Breaking down the Game

Jason Staples was a former player at FSU. He breaks down a play and why it was successful. Noledigest breaks it down for you. You can't find this anywhere else.

"They got them safeties down low in quarters and we thought we could get over the top of them and Richard ran a great route and Drew made a great throw at the right time." — Jimbo Fisher, talking about the 50-yard TD from Weatherford to Goodman in the second half against UAB.

Obviously, it's encouraging to hear our offensive coordinator talking about exploiting a matchup the defense is showing, but few fans actually know how "quarters coverage" (also known as "Cover-4") functions and why we were able to slip over the top for a crucial big play. This article will explain the basics of quarters coverage and how FSU was able to beat it.

Quarters coverage essentially assigns four players (generally two safeties and two corners in a base defense) to four deep zones, each accounting for a quarter of the width of the field. The corners will have the outside zones, the safeties the inside. There are several benefits to this defense: 1) there is little to no rotation needed since no one player has to cover a particularly large area, 2) there are fewer deep "seams" between zones, and 3) it is typically a productive defense against the run since the safeties (who are responsible for much smaller zones) can play closer to the line of scrimmage.

Even though most defenses try to disguise or mask their coverages in the pre-snap, quarters is fairly easy to identify. Presuming a base defense (some things change with nickel or dime coverages, which we'll cover in a second), an undisguised quarters coverage will have all four defensive backs playing at about the same depth in the defensive backfield at the snap. Typically this is going to be about 7 or 8 yards, meaning both safeties are closer to the line of scrimmage than in a cover-2 (if both safeties are responsible for deep halves, they're typically at 12 yards or even deeper) or a single-safety defense (in which one safety is closer to the LOS). This is one of the biggest reasons many teams often play quarters—both safeties are close to the LOS and can be used in "primary" run support responsibility, meaning either one can have responsibility for a gap in run support (take note of this; it will be important later).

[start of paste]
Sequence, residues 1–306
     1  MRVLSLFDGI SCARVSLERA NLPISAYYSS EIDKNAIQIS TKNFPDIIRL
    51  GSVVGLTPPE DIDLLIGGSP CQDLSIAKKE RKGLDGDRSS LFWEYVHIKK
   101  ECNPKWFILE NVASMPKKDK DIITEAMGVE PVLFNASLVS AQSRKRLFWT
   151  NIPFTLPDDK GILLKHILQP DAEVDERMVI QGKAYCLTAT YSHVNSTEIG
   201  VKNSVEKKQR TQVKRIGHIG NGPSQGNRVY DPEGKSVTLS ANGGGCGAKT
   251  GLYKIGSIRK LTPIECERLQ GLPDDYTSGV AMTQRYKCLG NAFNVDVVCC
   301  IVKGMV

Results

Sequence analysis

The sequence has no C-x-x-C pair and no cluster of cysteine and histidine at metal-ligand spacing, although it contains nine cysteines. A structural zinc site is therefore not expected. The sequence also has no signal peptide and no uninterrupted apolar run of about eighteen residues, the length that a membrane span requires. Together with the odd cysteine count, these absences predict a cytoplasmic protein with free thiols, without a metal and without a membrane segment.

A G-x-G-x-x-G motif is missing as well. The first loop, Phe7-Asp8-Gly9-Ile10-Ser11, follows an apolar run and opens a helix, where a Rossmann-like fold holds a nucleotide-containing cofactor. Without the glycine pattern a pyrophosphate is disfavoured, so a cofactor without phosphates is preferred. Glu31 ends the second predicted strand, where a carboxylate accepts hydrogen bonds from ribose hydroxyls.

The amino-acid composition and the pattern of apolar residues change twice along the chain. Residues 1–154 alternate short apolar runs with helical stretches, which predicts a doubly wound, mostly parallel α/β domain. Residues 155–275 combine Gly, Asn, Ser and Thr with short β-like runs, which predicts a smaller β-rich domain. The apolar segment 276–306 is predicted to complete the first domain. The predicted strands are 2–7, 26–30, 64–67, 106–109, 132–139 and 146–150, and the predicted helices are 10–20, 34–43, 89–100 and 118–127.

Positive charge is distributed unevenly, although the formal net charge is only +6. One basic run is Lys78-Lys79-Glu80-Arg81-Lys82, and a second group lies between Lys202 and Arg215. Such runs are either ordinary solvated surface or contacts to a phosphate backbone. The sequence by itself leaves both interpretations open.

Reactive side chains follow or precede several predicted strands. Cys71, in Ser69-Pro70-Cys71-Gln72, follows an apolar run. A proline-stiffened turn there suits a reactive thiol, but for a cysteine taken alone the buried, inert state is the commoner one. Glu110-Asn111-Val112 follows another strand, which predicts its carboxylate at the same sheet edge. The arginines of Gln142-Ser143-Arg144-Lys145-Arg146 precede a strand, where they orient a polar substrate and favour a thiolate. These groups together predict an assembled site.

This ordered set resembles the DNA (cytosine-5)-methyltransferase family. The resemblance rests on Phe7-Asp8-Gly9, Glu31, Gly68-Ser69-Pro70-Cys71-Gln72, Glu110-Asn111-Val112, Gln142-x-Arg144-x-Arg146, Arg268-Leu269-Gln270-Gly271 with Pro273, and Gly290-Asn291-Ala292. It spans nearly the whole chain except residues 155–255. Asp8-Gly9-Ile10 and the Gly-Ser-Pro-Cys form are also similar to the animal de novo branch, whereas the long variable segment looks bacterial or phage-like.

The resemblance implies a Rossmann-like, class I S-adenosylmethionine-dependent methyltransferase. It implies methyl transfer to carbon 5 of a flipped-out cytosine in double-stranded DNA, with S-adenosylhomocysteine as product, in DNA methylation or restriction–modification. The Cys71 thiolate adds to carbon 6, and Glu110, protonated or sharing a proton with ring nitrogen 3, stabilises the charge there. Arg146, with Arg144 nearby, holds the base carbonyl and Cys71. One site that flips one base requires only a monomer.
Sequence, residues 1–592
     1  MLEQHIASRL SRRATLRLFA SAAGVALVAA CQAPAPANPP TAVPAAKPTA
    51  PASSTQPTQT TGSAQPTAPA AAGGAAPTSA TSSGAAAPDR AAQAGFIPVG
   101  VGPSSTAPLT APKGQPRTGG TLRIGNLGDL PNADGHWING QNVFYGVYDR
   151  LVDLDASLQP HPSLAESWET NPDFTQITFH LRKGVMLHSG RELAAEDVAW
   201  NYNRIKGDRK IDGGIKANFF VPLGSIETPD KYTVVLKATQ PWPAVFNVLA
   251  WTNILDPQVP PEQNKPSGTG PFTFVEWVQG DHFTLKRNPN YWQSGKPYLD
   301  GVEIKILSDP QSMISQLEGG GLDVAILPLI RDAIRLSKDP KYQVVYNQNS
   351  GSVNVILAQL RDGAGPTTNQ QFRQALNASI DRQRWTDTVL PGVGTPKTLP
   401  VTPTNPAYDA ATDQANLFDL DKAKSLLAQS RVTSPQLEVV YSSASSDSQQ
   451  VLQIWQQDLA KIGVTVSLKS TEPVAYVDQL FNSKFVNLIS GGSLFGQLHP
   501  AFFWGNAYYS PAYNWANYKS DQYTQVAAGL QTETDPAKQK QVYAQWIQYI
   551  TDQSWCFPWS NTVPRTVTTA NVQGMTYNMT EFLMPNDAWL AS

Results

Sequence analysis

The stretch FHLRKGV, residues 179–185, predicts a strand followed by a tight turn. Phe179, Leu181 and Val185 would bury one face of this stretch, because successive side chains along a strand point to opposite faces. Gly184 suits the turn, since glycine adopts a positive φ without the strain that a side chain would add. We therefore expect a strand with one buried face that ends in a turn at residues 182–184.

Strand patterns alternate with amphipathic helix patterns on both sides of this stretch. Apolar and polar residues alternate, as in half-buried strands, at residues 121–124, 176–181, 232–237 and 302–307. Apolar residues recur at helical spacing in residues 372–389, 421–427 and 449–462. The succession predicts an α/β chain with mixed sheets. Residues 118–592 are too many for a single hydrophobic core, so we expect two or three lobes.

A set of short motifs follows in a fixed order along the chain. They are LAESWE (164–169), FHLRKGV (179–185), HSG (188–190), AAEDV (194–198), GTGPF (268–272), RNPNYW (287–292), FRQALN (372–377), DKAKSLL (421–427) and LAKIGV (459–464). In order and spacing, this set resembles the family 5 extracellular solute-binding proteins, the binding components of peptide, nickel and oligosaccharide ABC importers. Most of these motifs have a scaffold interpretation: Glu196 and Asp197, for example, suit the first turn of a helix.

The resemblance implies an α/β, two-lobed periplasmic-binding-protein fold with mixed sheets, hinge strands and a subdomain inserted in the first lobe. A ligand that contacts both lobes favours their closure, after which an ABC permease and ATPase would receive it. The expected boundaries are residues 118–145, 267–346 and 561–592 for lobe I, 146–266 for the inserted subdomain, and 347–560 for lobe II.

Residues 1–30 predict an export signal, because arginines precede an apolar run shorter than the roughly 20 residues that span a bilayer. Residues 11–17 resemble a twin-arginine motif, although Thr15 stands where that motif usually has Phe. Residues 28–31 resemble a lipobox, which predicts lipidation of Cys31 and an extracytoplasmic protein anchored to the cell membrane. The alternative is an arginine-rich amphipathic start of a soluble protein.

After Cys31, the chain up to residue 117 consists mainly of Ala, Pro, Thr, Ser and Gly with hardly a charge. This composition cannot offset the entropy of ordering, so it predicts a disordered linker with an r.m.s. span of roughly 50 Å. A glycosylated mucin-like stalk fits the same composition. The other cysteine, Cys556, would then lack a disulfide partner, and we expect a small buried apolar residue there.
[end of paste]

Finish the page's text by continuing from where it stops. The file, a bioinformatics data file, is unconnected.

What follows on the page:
Often defenses will attempt to disguise a quarters look by making it look more like a Cover-2 in pre-snap with both safeties a little deeper and the corners closer to the LOS (either in a press look or within 5 yards). However, immediately after the snap, the corners will "bail" (turn to cover their deep zones) rather than play "hard" to take away the flat (as they would in standard Cover-2) or play tight to the WR with inside leverage (as they would in man-to-man). The safeties will also not immediately turn and run to their deep zones as would be the case in Cover-2 but will instead initially keep their depth. Corners "bailing" from a Cover-2 look is generally a tell-tale sign that the defense is in quarters. Teams also will mimic single-safety looks with one safety closer to the LOS, but the deep safety will immediately rotate to one side at the snap while the other rotates to his deep zone rather than taking a curl-flat zone as he would in a single-safety zone. Again, the corners will be in "bail" technique.